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8 Reasons a Psychotropic Medication May Be Discontinued

8 Reasons a Psychotropic Medication May Be Discontinued

  • The psychiatrist’s role is to act as a consultant to maximize the likelihood of a successful taper and discontinuation, and minimize collateral morbidities or withdrawal complications. This slideshow features common scenarios in which a planned discontinuation of psychotropic medications occurs. All images ©Shutterstock.com

  • 1. Iatrogenic mental status change
    • A new medication is either directly or indirectly responsible for an acute change in mental status
    • An acute confusional state after starting an anticholinergic medication could be due to anticholinergic delirium
    • A drug-drug interaction may significantly elevate the serum level of the new medication, or the new medication may significantly raise the serum level of a drug the patient has been previously taking without incident

  • 2. Intolerable adverse effects
    • Common adverse effects are often transient, and will resolve within a few days or a few weeks
    • Modify dosage to minimize the adverse effects
    • If adverse effects persist, consider tapering and discontinuing the medication, even if it is effective

  • 3. Patient decides he or she no longer needs the medication
    • Explore the patient’s reason for wanting to discontinue the medication
    • Provide a balanced and comprehensive risk to benefit explanation of continuing or discontinuing the medication
    • If the patient’s decision to discontinue the medication is clear and informed, provide guidance for safely tapering off the medication and information in case of complications or symptom relapse

  • 4. Change in financial or insurance status
    • Medication formularies are becoming more restrictive
    • Financial hardship may require change to a lesexpensive medication—or even taper and discontinuation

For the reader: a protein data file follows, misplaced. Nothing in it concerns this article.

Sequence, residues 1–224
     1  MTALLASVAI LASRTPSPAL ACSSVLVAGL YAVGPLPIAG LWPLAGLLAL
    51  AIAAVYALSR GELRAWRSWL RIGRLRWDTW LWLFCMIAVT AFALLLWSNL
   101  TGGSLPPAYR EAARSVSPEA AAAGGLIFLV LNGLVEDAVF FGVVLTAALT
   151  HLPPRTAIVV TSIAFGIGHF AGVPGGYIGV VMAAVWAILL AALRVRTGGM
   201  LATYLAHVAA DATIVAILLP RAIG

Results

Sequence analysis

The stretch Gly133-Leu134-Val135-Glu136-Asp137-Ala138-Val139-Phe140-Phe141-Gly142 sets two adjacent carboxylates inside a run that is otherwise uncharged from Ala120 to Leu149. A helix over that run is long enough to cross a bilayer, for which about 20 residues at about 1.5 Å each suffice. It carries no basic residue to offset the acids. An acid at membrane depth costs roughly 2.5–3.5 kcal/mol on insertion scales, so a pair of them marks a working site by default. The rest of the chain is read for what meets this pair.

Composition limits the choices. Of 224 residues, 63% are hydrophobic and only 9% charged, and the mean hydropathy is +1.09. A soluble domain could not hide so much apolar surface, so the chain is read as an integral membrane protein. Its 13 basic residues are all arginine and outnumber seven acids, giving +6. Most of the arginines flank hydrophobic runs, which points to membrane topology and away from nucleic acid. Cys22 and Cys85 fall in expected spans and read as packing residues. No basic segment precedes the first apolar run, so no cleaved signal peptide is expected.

• Options for the prescriber exist but are time consuming (eg, applying to the pharmaceutical company’s Patient Assistance Program, providing a prior authorization form to the insurer’s medication formulary)

  • 5. Onset of medication induced medical comorbidity
    • Each psychiatric medication/class can contribute to, or be the primary cause of many medical comorbidities
    • Monitoring for comorbidities and having a detailed discussion with a patient if they start to occur, is essential

  • 6. Incarceration
    • The protocol for managing incarcerated persons on psychotropics differs within US facilities
    • New inmate can face cold turkey withdrawal for the first few days or weeks
    • Educate patients about sudden discontinuation of medications and the interinsic various risks can equip them with information to advocate for themselves if they are incarcerated.

  • 7. Surgery
    • A list of a patient’s prescription medications may not be readily available in case of an emergency surgery
    • Postsurgically, the focus is on acute recovery from surgery, which is a high risk time for delirium
    • New medications started postsurgically, may increase drug-drug interactions

  • 8. Recurrent abuse of a medication
    • If medication abuse is suspected, compassionately confront the patient and allow him or her to explain
    • Once medication abuse is confirmed, develop a structured prescription protocol with “no early refills” written right on the prescription
    • A rapid but safe withdrawal regimen is recommended; if medication tolerance has developed, taper with small quantities of the drug dispensed sequentially

  • For further information, please see “Discontinuing Medications: When, Why, and How-to,” by John J. Miller, MD, on which this slideshow was based. The article concludes: “Once the decision has been made by a competent patient to discontinue medication, even if you disagree with the patient’s decision, a thoughtful and gradual tapering strategy should be designed based on the pharmacodynamic, pharmacokinetic, and disorder-specific factors that exist.”

This article was originally posted on January 28, 2015 and has since been updated.

Comments

What about planned or unplanned pregnancy?

Mark @

No discussion of AKATHISIA.

1 in 5 of patients taking SSRIs will have clinically significant akathisia.
As high as 50% with antipsychotics.
The suffering of the patient, and the suffering of their loved ones is profound.

The intense and increasing agitation, pacing, iatrogenic change in behaviour and personality, aggression and acute neurotoxicity-induced self harm, violence against self or others predispose to erroneous diagnosis of new SMI.